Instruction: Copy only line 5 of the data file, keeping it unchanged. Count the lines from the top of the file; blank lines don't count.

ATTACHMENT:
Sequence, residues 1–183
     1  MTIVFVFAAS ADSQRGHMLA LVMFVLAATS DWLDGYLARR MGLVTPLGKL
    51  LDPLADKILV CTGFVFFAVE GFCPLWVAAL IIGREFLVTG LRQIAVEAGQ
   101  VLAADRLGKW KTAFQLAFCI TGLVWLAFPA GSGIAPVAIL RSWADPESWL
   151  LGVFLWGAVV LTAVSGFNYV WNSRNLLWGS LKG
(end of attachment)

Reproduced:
   151  LGVFLWGAVV LTAVSGFNYV WNSRNLLWGS LKG